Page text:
The problems of the imbalance of power throughout the game are also now laid bare. The recent ICC deal between India, Australia and England made worse that disparity, even as wealth was increased all round, placing power squarely in the hands of those three. That is all very well when things are running smoothly, and West Indies’ support for the restructuring of the ICC was no doubt well received in Mumbai, but it has not protected them against the recent hurricane, nor is it likely to, given the hawkish comments by Sanjay Patel, the BCCI secretary, in the wake of West Indies’ withdrawal.
So you have grovelling apologies from an unnamed director of the WICB, which makes uncomfortable reading. “We have shamed our hosts, shamed ourselves and brought shame to the Caribbean people.” So said this apparatchik before the hastily convened board meeting on Tuesday. I wonder if he has seen Fire in Babylon. From pride to shame in a few short years.

Mike Atherton


Excellent article, but you are incorrect in suggesting that ‘the most respected voices in the region put the principal blame with the administrators’. Here in the Caribbean, whilst everyone knows that Dave Cameron and the WICB is guilty of gross mismanagement and incompetence, and Wavell Hinds and WIPA guilty of arrogance and high-handedness, the feeling amongst senior writers and broadcasters is that ultimately the players, especially Dwayne Bravo, are the culpable villains for pulling the plug on the tour. The authorities were both stupid and feckless, but the players showed a calculated disregard for the good name of West Indies cricket, a total disrespect for their hosts, and a wider ambivalence towards the ‘good of the game’ and international cricket as a whole. They were the ones who stopped the tour, and while there is little sympathy for the WICB and WIPA amongst correspondents, most have roundly condemned the players for their act of betrayal of Caribbean Cricket. These writers, broadcasters etc have included Reds Perreira, Tony Cozier, Fazeer Mohammed, Colin Croft, Andy Roberts, Jeffrey Dujon, Ian Bishop, Barry Wilkinson, Simon Crosskill, Ezra Stuart, Courtney Walsh, Clive Lloyd, Andrew Mason, Mike Findlay etc. The only ‘respected’ voice to clearly side with the players against the WICB and WIPA is Michael Holding.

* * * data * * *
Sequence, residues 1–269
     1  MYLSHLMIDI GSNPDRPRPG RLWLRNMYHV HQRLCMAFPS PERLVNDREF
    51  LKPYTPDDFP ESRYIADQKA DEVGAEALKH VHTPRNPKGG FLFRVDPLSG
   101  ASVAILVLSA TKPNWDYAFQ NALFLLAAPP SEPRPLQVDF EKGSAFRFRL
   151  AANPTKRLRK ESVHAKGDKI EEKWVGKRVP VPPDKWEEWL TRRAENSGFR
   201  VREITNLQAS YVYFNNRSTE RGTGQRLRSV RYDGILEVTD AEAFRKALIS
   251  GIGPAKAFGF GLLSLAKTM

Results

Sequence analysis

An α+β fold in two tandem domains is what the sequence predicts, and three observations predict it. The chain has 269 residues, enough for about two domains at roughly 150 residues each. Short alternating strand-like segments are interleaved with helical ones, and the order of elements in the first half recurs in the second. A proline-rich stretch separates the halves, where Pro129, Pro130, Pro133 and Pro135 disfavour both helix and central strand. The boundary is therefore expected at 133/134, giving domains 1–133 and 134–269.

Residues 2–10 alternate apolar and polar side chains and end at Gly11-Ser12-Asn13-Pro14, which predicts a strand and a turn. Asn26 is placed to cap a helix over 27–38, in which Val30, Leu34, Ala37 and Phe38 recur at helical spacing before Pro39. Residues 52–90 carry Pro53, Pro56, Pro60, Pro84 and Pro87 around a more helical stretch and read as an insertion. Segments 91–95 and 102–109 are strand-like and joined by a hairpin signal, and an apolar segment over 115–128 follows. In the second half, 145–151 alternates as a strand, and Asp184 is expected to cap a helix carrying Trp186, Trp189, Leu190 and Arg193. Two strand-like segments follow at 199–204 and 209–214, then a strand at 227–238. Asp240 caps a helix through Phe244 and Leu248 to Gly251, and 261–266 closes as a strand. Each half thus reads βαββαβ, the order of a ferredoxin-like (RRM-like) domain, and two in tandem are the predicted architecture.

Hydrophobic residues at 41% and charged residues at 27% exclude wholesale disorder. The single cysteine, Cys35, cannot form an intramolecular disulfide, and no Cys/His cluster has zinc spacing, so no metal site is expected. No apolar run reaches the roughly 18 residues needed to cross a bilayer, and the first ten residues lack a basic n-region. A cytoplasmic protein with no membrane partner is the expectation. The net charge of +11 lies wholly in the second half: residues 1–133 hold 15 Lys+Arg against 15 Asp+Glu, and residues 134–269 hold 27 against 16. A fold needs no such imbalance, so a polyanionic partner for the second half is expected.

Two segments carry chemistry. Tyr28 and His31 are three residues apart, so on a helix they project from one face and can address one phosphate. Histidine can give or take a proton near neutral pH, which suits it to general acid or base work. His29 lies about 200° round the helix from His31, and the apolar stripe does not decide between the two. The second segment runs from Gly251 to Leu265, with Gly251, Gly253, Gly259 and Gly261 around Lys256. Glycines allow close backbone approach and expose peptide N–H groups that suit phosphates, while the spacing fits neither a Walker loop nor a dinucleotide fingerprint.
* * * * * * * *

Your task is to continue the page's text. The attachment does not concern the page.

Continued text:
David Oram
Christ Church, Barbados



Thanks for the reply and I take the point. Given my long association with Michael holding I put a lot of store by his comments as I know him to be both well informed and fair. Agreed though that others have not been so charitable towards the players. A mess all round!




One thought on “Mike Atherton’s article for The Times

  1. Pingback: A Pistol Full of Bullets | Roland Butcher's Hook